By Ivan Eland
May 7, 2008
Editor's [Consortium News] Note: Lost amid the U.S. news media's focus on important matters, like Rev. Jeremiah Wright's latest outburst, has been any interest in trivial questions, such as how George W. Bush has trampled the U.S. Constitution, stampeded the nation into a disastrous war and walked all over Congress.
More memos recently have surfaced that were written early in the Bush administration by John C. Yoo from the Justice Department's Office of Legal Counsel — the man who gave us the administration's horrifyingly narrow definition of torture.
As difficult as it is to believe, the recently released memos are even scarier than the original torture memo.
Yoo boldly asserts that the president's power during wartime is nearly unlimited. For example, he argues that Congress has no right to pass laws governing the interrogations of enemy combatants and the commander in chief can ignore such laws if passed, and can, without constraint, seize oceangoing ships.
The memos also argue that military operations in the United States against terrorists are not subject to the Fourth Amendment requirement for search warrants or the Fifth Amendment requirement for due process.
During the Quasi-War with France in the last years of the 1700s, Congress authorized President John Adams to seize armed ships sailing to French ports. Adams exceeded the congressional authorization by ordering the seizure of vessels sailing to or from French ports.
The Supreme Court, in the case Little v. Barreme, ruled that Adams had exceeded the authority Congress had delegated to him. So much for Bush's supposed intrinsic authority to seize all oceangoing ships without congressional authorization.
In 1952, President Truman, the first imperial president, seized the steel mills under his alleged "inherent power" as commander in chief — supposedly to prevent paralysis of the national economy and using the rationale that soldiers in the Korean War needed weapons and ammunition.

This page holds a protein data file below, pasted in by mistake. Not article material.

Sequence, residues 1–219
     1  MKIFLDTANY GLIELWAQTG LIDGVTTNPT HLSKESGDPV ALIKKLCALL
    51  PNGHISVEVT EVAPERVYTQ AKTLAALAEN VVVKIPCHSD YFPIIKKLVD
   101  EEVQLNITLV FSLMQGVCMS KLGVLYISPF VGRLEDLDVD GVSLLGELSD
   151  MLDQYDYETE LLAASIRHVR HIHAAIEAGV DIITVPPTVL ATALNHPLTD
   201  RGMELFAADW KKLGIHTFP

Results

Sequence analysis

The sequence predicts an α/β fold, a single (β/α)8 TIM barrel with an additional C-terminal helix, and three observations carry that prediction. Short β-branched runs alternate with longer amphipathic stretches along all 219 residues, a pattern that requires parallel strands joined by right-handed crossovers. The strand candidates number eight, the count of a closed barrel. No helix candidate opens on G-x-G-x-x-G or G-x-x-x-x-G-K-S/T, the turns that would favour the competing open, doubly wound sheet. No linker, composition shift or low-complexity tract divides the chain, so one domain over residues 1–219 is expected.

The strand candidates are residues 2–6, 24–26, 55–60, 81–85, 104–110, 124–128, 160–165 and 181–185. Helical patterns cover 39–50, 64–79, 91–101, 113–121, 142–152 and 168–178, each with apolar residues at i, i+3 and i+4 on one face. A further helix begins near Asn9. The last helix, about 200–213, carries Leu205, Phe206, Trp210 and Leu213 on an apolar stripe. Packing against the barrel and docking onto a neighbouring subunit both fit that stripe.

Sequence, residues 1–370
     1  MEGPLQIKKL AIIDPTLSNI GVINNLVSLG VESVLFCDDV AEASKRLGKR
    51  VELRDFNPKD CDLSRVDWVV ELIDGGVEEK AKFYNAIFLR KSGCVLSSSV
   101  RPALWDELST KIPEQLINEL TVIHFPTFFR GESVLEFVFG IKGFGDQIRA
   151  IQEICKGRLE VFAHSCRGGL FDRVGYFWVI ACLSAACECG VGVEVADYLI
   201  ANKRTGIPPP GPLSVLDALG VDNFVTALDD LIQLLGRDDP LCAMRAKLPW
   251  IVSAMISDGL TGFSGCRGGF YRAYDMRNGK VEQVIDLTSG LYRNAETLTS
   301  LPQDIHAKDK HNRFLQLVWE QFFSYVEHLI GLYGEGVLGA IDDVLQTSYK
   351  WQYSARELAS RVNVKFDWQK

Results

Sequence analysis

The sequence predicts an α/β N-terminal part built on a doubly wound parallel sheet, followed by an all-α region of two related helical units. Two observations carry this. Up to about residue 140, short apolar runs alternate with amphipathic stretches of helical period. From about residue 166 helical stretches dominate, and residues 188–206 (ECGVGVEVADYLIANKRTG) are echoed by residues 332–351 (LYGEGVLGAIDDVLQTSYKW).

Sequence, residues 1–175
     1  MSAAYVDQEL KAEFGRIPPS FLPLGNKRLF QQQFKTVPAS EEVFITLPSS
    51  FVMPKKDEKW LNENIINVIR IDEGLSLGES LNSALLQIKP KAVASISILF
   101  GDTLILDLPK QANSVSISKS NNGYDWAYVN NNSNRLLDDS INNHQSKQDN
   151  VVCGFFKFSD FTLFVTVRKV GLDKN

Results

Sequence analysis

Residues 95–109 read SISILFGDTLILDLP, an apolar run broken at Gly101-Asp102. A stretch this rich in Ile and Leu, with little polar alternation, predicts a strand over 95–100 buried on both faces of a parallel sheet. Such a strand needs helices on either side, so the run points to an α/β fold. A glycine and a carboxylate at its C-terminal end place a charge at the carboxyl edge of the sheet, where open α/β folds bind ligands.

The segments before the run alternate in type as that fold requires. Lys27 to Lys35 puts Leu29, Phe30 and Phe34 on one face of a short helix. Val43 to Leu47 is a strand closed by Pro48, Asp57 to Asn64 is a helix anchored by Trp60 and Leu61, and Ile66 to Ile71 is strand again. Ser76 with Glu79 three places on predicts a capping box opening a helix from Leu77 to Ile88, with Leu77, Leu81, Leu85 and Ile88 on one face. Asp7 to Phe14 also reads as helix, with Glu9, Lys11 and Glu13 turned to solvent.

By a wide margin, in the case Youngstown Sheet & Tube Co. v. Sawyer, the Supreme Court struck down Truman's executive order to seize the mills because it had no statutory or constitutional basis. Essentially, the court ruled that the president may be commander in chief of the armed forces but not the country.
Yoo's assertion that Congress has no right to pass laws that impinge on the president's claim to a broad interpretation of his role as commander in chief violates the core of the constitutional system of checks and balances, and for which the United States regularly criticizes despots in foreign countries.
Finally, the Fourth Amendment (requiring warrants for any search) and the Fifth Amendment (the right to due legal process) contain no exceptions for wartime. In fact, in a republic — where the rule of law should be king — crises and wartime are exactly when people's rights are most likely to be endangered and when safeguards are especially needed.
"Editor's [Consortium News] Note" above is sarcastic of course. It misses the direct connection between the Rev. Jeremiah Wright issue(s) and exactly what is going on with the Imperial Presidency. Wright pointed exactly to the very kinds of abuses that this post on the "Imperial Branch" is about. How people are able to disconnect Wright from all the other things that the U.S. imperialist are doing is a mystery to most. Wright discussed the terrible U.S. foreign policy where presidents have abused other peoples (terrorizing them for the sake of Empire) and that, that terrorizing causes people in other nations to hate the U.S. and to seek to attack it. How is that missed or disconnected? Ignoring the issues raised by Wright will never lead to consistently addressing what is wrong with America or the entire world.